A social contract is a mutual agreement between two parties. Social contracts reflect societal expectations from businesses, especially in the social aspect. The social contract theories in business hold that all businesses are obligated to improve the status of societies. In order to achieve this, businesses are required to have employees’ interests in mind without having to break the rules of justice in any given society. Social contract theories in business are derived from the traditional models of a social contract.

Theory of Extant Social Contracts

The theory of extant social contracts illustrates how business enterprises are portrayed using several existing social agreements that incorporate actual behavior standards derived from shared beliefs and goals with societal attitudes. These contracts present the views of societies in relation to proper behavior as set out by existing communities. This, therefore, implies that businesses are obliged to abide to these agreements as long as the agreements are ethically acceptable.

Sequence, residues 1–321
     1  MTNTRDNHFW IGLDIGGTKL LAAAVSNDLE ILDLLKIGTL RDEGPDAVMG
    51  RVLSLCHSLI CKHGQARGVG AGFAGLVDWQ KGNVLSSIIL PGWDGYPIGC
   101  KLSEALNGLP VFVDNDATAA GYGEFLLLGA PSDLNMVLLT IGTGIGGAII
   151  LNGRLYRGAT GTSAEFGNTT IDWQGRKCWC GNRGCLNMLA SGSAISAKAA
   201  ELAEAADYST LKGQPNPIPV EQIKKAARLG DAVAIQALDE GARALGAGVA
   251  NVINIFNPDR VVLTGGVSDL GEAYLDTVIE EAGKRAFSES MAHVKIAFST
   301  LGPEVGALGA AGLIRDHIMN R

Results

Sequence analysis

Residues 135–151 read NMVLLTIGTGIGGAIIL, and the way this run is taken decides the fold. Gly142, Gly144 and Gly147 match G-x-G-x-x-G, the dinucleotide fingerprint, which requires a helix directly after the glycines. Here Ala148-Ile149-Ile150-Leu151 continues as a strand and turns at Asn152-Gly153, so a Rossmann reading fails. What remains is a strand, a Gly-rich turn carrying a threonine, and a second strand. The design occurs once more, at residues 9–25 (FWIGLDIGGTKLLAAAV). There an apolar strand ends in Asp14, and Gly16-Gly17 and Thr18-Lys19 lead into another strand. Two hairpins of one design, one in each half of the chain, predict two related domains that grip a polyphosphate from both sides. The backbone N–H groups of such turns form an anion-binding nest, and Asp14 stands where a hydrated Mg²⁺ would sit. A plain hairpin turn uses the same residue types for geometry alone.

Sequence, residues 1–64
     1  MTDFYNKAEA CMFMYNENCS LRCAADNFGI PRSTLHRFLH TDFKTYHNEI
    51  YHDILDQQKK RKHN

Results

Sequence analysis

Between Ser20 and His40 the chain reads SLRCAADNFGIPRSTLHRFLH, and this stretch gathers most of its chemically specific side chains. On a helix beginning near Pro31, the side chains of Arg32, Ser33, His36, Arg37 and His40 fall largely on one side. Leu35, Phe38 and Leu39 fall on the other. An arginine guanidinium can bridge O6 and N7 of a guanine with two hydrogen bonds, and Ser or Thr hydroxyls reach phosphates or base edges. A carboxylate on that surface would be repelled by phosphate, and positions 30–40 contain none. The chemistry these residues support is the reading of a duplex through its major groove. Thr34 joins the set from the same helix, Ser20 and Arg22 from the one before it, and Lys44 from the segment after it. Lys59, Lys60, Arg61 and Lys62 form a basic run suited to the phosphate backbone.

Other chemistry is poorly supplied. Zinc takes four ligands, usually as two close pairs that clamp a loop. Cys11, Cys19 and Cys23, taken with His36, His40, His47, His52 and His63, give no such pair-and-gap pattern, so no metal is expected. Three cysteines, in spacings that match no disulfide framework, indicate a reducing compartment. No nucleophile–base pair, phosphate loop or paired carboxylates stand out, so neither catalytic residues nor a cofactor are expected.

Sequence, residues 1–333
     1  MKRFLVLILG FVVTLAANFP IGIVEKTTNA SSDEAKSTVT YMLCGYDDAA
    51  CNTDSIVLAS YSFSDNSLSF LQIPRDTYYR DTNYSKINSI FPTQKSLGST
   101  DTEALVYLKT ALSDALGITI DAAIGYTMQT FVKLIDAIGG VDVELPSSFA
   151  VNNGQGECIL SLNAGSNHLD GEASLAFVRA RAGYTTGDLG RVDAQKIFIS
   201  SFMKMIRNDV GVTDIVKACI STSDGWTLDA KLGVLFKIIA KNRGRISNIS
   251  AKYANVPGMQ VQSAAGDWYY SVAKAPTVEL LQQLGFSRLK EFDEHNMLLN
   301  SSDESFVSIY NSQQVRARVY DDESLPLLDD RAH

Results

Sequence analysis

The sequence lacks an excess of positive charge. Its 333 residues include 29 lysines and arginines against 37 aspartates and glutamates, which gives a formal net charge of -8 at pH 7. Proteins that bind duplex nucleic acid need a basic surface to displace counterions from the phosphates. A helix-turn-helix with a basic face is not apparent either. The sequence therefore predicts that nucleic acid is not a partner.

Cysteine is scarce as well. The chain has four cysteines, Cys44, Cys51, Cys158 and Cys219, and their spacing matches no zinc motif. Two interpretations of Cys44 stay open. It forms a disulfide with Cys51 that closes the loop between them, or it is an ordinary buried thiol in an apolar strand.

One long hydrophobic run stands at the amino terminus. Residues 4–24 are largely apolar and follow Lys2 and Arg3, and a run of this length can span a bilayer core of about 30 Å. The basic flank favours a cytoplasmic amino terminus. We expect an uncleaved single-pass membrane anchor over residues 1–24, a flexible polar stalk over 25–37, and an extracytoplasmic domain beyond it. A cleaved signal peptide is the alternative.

Business Ethics Theory

Among the key objectives in businesses is the importance of giving back to society, a role that has come to be known as social responsibility. Businesses have an ethical obligation toward members of a given society. The business ethics theory creates and embeds mutual agreement between members of societies and established businesses. The members of a society permit business to be created in these establishments for certain specified benefits that enhance the welfare of the societies. These benefits include economic efficiency, improved decision-making and improving the capacity of acquisition and use of modern technology and resources. This societal permission is equated to the acquisition of legal recognition and authorization for use of societal natural and human resources. All these, however, have to be carried out within the limits of the stipulated laws in these societies.

Traditional Concept Theory

The traditional theory explains the existence of an agreement that is embedded between a society and any entity created by man. In this case, a society accepts the existence and operationalization of these entities only if societal benefits are incorporated in them. This theory also is closely linked to political factors that ultimately explain the role of governments to societies.